For example, if you are a CardName cardholder, you could earn some major bonus points and rewards just for handling wedding expenses with your card. For a limited time, new cardholders can earn 100,000 points after spending $3,000 on purchases in your first three months from account opening. Additionally, this card offers up to 17 points for every dollar spent at participating Marriott Bonvoy properties; 3X total points on up to $6,000 in combined purchases at gas stations, restaurants and grocery stores each year; and two points for every dollar spent on everything else. So say you book a wedding venue at an eligible property that costs $5,000 – you stand to earn as many as 85,000 points on that purchase alone as well as qualify for the welcome bonus if you’re a new cardholder. That’s some great perks just for booking your wedding at a participating Marriott Bonvoy property! Even if you’re not getting married at a Bonvoy property, there’s a good chance you might stay in one on your honeymoon, considering that there are over 30 hotel brands all across the world that fall under the Bonvoy umbrella (The Ritz-Cartlon, St. Regis, JW Marriott, Sheraton, Westin, Four Points, and Aloft Hotels, just to name a few). There’s a lot of point-earning potential with this card when it comes to your wedding – and beyond, thanks to two points earned on all “other” purchases. (Information related to the Marriott Bonvoy Boundless® Credit Card has been collected independently by CardRatings and was neither reviewed nor provided by the card issuer)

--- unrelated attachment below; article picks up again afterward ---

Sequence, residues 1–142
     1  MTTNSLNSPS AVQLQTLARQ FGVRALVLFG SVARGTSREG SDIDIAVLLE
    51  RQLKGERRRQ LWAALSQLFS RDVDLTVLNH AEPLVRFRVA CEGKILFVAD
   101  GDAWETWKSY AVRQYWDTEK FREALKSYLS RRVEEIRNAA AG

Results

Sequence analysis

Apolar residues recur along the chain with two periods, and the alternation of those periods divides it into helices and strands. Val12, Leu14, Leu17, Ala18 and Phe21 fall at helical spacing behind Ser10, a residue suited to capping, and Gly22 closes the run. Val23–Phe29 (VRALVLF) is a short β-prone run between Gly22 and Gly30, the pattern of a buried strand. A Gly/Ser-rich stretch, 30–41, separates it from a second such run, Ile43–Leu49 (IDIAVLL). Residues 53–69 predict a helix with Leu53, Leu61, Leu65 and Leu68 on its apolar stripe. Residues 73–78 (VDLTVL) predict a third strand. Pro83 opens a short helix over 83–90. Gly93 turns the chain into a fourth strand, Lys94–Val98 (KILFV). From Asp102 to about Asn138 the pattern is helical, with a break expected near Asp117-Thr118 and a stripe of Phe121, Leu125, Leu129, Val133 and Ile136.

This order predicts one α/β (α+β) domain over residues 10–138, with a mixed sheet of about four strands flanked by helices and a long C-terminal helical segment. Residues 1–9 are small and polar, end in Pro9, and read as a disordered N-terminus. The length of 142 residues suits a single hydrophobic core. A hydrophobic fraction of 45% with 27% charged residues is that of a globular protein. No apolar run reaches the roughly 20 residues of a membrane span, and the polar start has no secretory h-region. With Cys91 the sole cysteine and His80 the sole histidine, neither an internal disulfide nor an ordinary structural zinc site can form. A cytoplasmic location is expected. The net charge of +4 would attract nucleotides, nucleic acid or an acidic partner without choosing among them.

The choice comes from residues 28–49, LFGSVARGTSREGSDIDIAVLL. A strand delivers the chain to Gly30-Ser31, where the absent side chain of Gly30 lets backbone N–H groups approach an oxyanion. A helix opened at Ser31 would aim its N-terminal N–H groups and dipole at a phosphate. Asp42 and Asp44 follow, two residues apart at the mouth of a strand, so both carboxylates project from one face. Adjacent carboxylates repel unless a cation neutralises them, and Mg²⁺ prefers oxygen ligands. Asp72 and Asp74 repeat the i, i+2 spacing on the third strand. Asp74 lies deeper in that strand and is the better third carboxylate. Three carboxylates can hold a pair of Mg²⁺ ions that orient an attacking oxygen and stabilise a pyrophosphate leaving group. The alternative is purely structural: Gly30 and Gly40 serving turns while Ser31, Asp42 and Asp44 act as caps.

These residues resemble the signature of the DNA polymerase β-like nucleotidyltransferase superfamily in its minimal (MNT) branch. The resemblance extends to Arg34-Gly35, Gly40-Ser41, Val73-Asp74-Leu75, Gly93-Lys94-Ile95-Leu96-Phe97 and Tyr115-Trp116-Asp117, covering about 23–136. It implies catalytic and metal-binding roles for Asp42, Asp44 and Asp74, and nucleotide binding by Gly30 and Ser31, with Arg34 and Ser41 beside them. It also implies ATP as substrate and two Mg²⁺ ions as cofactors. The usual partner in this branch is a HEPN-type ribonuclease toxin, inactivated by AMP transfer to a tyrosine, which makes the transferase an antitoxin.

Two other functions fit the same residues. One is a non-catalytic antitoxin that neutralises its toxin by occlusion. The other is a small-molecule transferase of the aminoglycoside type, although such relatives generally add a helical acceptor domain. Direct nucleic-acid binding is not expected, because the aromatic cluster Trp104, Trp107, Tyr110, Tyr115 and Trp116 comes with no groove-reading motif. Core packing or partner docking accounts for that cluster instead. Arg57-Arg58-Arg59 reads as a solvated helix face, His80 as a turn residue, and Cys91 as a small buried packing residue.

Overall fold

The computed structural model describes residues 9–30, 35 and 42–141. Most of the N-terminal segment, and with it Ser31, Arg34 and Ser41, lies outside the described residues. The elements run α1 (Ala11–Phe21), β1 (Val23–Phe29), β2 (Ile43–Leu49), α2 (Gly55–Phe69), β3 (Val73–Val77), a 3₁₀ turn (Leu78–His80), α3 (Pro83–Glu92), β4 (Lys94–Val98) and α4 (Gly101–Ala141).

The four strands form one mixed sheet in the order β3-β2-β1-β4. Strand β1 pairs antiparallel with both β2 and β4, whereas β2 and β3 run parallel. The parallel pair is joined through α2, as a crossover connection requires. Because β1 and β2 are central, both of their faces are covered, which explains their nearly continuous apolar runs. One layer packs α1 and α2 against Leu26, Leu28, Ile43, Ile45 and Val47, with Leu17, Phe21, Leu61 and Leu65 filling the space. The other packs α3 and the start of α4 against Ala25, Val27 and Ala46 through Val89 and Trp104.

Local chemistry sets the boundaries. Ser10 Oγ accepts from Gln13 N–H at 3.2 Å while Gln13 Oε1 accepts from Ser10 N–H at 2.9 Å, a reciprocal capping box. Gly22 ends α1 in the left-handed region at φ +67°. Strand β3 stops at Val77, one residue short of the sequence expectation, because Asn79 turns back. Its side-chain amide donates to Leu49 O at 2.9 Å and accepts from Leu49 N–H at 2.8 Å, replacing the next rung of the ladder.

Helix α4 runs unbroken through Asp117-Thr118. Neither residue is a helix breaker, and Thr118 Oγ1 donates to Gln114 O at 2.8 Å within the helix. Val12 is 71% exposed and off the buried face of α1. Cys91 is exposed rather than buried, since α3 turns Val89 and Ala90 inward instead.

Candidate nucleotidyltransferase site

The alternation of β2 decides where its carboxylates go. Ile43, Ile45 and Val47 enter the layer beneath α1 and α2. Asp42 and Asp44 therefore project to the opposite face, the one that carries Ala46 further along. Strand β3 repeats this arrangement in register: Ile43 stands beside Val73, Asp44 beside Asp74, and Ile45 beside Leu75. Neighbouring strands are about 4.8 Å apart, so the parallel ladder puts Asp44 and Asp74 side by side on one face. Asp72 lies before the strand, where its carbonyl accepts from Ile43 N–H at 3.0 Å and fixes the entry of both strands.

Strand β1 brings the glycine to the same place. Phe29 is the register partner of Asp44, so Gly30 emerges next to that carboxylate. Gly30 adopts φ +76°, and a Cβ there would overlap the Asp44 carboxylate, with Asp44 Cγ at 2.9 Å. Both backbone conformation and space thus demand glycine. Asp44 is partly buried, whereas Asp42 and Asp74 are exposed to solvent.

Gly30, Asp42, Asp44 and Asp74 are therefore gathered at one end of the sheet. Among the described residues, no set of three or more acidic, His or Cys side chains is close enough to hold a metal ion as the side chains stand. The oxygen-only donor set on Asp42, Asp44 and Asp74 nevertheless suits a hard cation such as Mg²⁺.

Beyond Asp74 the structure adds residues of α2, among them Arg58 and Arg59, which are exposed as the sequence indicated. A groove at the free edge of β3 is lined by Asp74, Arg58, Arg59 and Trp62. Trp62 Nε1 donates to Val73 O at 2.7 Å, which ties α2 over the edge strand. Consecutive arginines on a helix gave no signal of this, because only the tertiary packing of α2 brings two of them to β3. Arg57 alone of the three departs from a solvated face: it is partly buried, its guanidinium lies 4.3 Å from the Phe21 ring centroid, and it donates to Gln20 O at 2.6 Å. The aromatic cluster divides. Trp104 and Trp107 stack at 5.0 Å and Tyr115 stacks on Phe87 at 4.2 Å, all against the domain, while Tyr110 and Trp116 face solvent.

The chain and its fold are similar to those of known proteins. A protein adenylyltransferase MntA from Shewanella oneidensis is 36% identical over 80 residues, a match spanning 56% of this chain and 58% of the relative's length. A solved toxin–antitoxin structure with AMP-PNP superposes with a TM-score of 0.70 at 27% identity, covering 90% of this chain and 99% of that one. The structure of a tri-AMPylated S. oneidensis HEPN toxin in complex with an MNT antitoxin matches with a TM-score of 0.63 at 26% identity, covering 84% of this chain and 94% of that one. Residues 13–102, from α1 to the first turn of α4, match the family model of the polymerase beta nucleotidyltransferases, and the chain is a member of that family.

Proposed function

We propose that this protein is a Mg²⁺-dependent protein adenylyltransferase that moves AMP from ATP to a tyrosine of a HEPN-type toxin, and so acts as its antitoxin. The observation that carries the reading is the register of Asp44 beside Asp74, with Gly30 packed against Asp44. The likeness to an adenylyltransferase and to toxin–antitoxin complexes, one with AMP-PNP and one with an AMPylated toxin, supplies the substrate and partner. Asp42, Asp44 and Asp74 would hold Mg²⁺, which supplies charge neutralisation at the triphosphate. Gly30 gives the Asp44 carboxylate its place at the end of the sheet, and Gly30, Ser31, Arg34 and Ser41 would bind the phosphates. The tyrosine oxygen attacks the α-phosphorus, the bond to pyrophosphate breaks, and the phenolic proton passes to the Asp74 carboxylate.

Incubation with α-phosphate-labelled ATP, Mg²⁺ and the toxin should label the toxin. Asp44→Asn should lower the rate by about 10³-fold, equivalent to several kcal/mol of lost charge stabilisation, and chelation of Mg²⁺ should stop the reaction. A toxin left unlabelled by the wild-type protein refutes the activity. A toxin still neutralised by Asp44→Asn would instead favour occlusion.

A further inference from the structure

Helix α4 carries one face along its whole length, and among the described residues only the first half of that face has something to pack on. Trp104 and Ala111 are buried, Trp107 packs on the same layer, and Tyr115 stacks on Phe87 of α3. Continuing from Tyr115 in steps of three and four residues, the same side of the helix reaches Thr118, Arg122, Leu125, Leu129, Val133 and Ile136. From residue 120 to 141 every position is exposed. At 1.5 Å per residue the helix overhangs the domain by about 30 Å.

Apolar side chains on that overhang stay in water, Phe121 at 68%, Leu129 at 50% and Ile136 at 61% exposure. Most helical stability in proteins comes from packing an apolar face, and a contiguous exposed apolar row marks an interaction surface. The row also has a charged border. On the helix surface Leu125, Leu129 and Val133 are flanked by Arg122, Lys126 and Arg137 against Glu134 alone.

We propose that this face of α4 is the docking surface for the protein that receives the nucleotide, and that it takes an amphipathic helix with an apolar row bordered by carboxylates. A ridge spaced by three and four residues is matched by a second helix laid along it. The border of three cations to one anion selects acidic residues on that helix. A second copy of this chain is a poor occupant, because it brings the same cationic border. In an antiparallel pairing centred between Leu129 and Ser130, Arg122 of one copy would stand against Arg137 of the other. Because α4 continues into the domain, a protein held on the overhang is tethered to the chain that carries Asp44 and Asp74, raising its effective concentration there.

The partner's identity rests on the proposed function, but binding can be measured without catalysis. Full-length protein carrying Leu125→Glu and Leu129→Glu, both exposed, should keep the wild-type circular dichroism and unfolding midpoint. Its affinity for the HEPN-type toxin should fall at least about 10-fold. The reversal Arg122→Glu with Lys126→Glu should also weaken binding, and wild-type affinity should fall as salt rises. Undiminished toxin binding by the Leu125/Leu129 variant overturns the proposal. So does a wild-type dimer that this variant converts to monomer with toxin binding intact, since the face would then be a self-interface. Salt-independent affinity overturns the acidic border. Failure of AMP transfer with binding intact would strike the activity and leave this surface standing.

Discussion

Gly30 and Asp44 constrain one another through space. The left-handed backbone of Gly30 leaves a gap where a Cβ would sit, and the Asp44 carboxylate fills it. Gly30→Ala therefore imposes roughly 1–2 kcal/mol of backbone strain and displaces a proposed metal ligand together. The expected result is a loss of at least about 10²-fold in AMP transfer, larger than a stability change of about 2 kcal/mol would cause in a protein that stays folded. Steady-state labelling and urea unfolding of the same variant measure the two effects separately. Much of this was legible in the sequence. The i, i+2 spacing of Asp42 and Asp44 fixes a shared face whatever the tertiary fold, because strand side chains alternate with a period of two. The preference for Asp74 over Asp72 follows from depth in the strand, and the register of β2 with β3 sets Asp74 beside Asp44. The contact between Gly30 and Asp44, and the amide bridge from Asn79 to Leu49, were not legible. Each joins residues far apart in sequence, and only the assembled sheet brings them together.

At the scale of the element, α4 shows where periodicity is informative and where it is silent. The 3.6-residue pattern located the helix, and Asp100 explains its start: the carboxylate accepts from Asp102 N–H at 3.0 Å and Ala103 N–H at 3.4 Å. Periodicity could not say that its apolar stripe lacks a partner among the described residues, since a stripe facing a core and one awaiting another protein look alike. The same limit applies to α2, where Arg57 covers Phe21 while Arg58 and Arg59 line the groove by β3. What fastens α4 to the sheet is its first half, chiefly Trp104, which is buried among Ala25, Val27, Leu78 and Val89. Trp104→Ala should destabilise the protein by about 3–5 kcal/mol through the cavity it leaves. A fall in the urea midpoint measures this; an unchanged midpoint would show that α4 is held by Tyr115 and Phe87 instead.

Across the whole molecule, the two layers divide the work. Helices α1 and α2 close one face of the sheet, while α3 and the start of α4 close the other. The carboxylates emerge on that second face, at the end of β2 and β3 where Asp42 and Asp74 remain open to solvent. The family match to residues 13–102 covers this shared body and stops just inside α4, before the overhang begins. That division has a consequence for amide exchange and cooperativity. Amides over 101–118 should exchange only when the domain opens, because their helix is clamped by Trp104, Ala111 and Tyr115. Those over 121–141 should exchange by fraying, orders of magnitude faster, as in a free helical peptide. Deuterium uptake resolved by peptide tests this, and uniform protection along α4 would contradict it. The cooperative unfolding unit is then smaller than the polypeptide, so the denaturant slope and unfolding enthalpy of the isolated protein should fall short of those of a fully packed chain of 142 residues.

Cardholders can also earn a free night award every year after the account’s anniversary (up to 35,000 point value), which could be a great perk to put towards the wedding night, if you have the card far enough in advance, or perhaps towards an anniversary trip later down the line.
The best credit card for wedding expenses will vary depending on your unique needs, and it’s important to remember that these rewards are only worth it if you’re able to pay your statement in full each month. Credit card interest can easily outweigh any rewards you may earn if you aren’t paying your bills on time.
Introductory 0% APR periods, plus additional rewards